liams, colored, charged with grand
larceny from Z. J. Carter & Sons
store in Wallace.
Edgar Moore and Joseph Smith,
colored, escaped convicts, charged
with taking a safe from George
Joseph's store in Faison.
George Boney, .negro, charged
with assault with deadly weapon.
On the face of things, it appears
Judge Stevens may pass some
heavy sentences and possibly add
to the number of inmates on death
row in Kaleigh.
Scouting is "c&tcbing on" more
and more in this section. There
remains, however, many boys in
numbers of communities who are
without the benefits of this great
program in citizensnip training.
We need a livelier interest and
support among adults and organiza
tions to make the benefits of Scout
ing available to more of our boys.
Maybe your church or club would
like to sponsor a troop?
Jerry Southerland Says That
Wallace Produce Season Was Good
Terming the seasoji as "usually
gopd'' Jeary Southerland, secretary
and treasurer of the Wallace Straw
beerry Exchange, released figures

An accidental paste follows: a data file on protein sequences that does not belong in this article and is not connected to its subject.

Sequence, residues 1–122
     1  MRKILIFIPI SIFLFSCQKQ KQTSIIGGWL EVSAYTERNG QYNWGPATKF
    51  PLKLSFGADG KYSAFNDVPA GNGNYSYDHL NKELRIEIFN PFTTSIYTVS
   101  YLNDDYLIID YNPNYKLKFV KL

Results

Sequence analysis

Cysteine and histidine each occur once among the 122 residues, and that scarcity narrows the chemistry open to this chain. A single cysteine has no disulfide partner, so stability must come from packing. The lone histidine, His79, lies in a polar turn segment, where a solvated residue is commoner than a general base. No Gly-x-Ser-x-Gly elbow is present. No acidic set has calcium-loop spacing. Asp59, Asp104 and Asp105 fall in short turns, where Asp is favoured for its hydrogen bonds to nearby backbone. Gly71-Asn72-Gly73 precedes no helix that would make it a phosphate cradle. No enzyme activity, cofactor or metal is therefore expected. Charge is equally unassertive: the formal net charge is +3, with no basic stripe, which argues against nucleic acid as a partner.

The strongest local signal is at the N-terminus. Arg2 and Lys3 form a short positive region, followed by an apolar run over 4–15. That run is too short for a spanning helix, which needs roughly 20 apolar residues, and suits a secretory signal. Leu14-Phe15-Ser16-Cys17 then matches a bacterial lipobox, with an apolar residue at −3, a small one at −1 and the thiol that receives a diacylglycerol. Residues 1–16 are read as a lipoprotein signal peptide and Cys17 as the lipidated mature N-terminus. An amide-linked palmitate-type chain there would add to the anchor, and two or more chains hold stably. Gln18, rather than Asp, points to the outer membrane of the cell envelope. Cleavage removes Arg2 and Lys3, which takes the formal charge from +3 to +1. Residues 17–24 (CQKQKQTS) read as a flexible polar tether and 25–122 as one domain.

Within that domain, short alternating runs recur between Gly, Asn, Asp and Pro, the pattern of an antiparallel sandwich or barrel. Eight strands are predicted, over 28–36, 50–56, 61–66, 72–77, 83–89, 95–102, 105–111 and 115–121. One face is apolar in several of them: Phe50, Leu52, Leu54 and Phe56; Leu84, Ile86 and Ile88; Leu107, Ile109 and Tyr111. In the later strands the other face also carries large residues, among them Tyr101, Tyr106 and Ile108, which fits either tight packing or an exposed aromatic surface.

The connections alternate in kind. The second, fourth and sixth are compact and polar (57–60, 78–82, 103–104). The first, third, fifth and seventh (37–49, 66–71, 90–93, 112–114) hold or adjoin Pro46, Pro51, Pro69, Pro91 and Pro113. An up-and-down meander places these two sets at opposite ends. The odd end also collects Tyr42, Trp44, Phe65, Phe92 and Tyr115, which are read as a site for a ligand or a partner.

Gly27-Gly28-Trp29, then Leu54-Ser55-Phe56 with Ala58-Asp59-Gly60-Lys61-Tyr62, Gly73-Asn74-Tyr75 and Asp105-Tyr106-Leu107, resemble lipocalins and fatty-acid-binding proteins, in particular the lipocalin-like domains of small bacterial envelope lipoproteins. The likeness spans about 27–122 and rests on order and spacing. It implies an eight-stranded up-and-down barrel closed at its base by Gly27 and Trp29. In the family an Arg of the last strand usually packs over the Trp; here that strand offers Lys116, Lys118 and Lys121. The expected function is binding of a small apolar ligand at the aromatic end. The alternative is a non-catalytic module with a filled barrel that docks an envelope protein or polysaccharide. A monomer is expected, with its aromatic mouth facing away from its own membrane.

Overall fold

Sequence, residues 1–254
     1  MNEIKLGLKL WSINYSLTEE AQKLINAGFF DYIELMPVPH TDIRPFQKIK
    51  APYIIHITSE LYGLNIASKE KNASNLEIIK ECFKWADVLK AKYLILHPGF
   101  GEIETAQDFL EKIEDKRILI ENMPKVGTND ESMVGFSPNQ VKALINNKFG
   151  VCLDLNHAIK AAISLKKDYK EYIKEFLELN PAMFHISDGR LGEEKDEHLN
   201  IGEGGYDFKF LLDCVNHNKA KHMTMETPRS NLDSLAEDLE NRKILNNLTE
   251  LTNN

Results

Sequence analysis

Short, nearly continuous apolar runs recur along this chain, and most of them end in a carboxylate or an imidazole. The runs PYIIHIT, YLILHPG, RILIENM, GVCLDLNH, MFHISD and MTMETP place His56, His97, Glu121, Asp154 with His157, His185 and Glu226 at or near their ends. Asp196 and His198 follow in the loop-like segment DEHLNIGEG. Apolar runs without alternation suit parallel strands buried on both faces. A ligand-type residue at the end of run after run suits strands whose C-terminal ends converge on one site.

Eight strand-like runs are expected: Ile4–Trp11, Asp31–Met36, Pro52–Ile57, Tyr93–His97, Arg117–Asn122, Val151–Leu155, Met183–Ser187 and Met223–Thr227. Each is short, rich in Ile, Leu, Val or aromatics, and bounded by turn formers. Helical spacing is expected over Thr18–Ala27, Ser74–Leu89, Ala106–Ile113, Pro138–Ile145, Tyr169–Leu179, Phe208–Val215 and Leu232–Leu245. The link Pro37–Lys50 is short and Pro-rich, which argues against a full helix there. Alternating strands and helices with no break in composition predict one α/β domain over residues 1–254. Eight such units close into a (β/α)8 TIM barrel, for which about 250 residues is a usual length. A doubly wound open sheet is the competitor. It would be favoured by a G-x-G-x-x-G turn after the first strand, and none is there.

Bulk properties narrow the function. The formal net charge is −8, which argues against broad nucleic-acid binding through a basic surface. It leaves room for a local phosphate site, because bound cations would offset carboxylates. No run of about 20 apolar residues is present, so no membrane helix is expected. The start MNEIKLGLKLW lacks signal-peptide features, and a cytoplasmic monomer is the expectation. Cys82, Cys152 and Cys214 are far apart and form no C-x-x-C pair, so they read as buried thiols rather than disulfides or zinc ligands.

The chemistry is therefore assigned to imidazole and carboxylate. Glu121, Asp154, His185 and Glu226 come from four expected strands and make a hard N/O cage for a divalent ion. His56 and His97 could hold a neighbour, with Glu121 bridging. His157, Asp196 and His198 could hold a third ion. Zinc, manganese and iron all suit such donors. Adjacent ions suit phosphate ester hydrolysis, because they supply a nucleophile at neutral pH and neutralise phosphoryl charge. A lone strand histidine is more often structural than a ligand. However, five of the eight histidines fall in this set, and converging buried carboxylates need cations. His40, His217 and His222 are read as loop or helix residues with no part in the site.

which revealed the market there
received a total of $1,873,834.11 for .
berries and various other produce '
sold during the 1948 reason. j
Strawberries averaged $8.35 a
crate with a total of 115,712 crates
(24-qt crates) sold.
Produce sold at the exchange in
cluded beans, squash, cucumbers,
peppers, potatoes, dewberries, to
matoes, huckleberries, and plums
Henry West Jr. Attends Meredith
College Church Music Course
Raleigh, July 23 There are 31
students enrolled for the one-week
church music short course at Mere
dith College, representing 20 towns
and ' 30 churches from over the
State. This is the first short course
in church music ever offered n a
Raleigh college, and one of the
first short courses on this subject
ever offered in the State. .
Dr. Benjamin Swalin, conductor
of the North Carolina Symphony
Orchestra, has been secured! as
guest lecturer for the short course.
The Duplin County Allied
Church League meets in Rose Hill
Methodbt Church on Friday night,
Jily 23, at 8:00 o'clock, for -the
purpose of naming Committee's